NASA and Boeing Say Starliner Is Finally Ready for Another Test Flight
Boeing has been working with NASA to explore space for decades, which is why it was so surprising to see the company’s much-lauded CST-100 Starliner crew capsule stumble on numerous occasions. After last year’s canceled test flight, NASA and Boeing confirm Starliner is ready to take another swing at the validation mission it failed way back in 2019, reports Ars Technica.
The Starliner is part of NASA’s Commercial Crew Program, which settled on bids from Boeing and SpaceX several years back. SpaceX developed a crewed version of its reliable Dragon spacecraft, which has allowed it to become the sole provider of human transport services for NASA as Boeing has struggled to get Starliner off the ground. So how did we get here?
Initially, it looked like Starliner would get NASA certification before SpaceX, but then the issues started cropping up. There was a fuel leak in summer 2018 that started a cascade of delays, culminating in the disastrous Orbital Flight Test (OFT) in December 2019. The spacecraft suffered a software error on launch, which led to it getting stuck in the wrong orbit, and unable to meet up with the International Space Station as planned. A second glitch during reentry nearly caused the engines to misfire, which could have destroyed the spacecraft. Boeing had addressed these errors and was gearing up for a rerun dubbed OFT-2 in fall 2021, but stuck fuel valves scrubbed that one. Boeing and NASA decided to take Starliner back to the production facility after finding 13 of 24 oxidizer valves were not responding.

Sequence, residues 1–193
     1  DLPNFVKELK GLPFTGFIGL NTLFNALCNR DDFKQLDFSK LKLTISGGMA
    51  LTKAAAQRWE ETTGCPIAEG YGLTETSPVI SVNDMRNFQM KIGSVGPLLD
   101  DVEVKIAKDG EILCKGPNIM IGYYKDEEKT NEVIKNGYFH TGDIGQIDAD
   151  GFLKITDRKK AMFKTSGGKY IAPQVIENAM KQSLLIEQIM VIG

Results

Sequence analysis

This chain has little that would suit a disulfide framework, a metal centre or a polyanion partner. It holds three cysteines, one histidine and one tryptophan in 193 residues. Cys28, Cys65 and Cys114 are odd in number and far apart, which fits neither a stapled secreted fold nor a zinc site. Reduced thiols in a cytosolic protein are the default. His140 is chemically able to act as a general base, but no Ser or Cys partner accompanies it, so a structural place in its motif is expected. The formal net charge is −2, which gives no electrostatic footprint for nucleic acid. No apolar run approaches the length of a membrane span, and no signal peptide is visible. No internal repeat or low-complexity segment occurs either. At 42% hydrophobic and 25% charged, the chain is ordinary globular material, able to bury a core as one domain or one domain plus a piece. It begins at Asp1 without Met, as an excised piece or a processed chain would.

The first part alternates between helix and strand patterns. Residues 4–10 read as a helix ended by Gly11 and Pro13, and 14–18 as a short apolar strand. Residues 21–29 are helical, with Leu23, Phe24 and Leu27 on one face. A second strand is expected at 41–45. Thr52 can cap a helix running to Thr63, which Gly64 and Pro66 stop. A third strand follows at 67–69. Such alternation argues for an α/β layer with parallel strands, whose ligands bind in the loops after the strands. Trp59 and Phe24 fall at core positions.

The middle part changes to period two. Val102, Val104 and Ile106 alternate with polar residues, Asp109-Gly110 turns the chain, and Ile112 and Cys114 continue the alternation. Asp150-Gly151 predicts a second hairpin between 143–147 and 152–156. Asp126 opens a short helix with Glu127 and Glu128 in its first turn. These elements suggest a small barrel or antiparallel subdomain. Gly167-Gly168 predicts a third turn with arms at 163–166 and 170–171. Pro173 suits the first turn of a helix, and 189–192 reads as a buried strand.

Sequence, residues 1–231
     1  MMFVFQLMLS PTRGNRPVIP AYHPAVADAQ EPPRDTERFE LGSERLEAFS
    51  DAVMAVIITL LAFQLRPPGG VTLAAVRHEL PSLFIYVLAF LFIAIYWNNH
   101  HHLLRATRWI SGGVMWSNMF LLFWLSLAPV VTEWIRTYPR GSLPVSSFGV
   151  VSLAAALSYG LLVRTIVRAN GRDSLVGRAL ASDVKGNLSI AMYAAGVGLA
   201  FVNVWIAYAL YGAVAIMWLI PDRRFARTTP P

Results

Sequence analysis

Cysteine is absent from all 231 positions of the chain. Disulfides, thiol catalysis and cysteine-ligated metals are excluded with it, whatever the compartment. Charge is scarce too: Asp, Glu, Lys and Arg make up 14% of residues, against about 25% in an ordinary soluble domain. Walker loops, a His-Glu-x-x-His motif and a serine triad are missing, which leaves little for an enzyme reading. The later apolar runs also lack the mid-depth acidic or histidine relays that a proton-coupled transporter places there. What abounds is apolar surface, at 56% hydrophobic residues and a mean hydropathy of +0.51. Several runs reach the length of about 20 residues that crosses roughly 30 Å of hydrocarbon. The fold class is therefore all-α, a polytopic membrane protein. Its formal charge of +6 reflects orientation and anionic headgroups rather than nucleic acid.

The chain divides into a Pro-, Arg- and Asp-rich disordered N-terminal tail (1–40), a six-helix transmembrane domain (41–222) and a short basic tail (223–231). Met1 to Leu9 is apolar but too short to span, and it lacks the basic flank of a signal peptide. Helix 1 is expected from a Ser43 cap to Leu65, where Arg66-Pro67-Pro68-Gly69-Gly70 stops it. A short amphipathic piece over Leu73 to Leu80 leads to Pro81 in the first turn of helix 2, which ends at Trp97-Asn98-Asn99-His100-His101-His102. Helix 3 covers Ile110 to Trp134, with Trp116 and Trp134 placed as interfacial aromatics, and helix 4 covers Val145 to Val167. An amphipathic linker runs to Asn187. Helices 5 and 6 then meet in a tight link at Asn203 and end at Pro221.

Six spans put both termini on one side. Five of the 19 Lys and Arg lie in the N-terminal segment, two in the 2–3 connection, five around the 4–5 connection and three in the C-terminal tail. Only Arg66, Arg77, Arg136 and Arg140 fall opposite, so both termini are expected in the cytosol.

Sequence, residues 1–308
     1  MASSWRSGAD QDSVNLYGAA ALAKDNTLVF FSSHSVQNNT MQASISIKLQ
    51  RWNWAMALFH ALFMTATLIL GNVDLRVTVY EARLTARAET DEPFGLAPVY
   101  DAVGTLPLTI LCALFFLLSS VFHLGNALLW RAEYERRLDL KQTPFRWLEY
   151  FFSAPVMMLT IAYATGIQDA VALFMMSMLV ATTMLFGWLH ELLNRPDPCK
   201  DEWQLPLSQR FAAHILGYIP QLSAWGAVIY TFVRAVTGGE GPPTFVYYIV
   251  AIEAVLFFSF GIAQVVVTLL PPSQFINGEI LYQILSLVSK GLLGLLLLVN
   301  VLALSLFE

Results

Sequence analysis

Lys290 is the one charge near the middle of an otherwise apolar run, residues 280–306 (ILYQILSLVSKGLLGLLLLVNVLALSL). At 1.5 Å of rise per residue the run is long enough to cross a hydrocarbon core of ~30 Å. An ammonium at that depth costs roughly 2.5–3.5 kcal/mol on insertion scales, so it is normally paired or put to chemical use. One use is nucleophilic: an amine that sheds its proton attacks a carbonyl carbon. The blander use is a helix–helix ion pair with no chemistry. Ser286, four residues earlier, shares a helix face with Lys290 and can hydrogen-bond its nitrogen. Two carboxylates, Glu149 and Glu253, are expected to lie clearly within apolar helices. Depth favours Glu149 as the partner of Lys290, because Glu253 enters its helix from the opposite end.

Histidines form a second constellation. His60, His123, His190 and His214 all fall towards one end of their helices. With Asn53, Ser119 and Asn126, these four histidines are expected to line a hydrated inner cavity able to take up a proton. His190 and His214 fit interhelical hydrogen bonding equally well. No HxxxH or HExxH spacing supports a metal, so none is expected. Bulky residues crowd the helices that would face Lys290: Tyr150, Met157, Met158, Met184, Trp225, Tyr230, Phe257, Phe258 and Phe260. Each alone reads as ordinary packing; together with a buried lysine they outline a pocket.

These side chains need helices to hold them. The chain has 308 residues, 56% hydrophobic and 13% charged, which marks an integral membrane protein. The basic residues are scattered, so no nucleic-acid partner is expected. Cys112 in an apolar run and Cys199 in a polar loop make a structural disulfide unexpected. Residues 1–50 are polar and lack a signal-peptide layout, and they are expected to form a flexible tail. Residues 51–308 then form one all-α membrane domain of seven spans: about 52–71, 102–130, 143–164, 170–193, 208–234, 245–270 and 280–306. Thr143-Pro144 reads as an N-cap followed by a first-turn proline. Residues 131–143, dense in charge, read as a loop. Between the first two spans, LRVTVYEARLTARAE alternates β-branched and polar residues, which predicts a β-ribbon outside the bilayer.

The #AtlasV will receive its precious cargo today as the @BoeingSpace CST-100 #Starliner spacecraft is transported to ULA’s Vertical Integration Facility and lifted onto the rocket. Launch of the Orbital Flight Test-2 is May 19 at 6:54pmEDT (2254 UTC). https://t.co/VIynIdVS23 pic.twitter.com/1u87eYpRNA
— ULA (@ulalaunch) May 4, 2022
Now, Boeing says the issue has been identified and fixed, and it was indeed related to humidity as initially believed. The dinitrogen tetroxide oxidizer was loaded into the spacecraft weeks before the test, but moisture infiltrated the system as Starliner sat at Cape Canaveral waiting for the big day. Humidity in Florida? Who would have thought? The water and oxidizer reacted to create nitric acid, which began corroding the aluminum valves and prevented them from working. The valve design has not been altered as a result, but Boeing has added new seals that should prevent moisture from getting into the propulsion system. In addition, it will not fuel Starliner as far in advance in the future.
In the coming days, Starliner will be stacked on a United Launch Alliance Atlas V rocket for OFT-2. The goal of this uncrewed mission is to prove that Starliner can autonomously reach orbit, rendezvous with the International Space Station, and then return safely to Earth. If it can do that, NASA will have a crewed test flight later this year with three astronauts onboard. That would give NASA two private launch platforms to transport crew to and from the ISS, but another failure could spell doom for Starliner.
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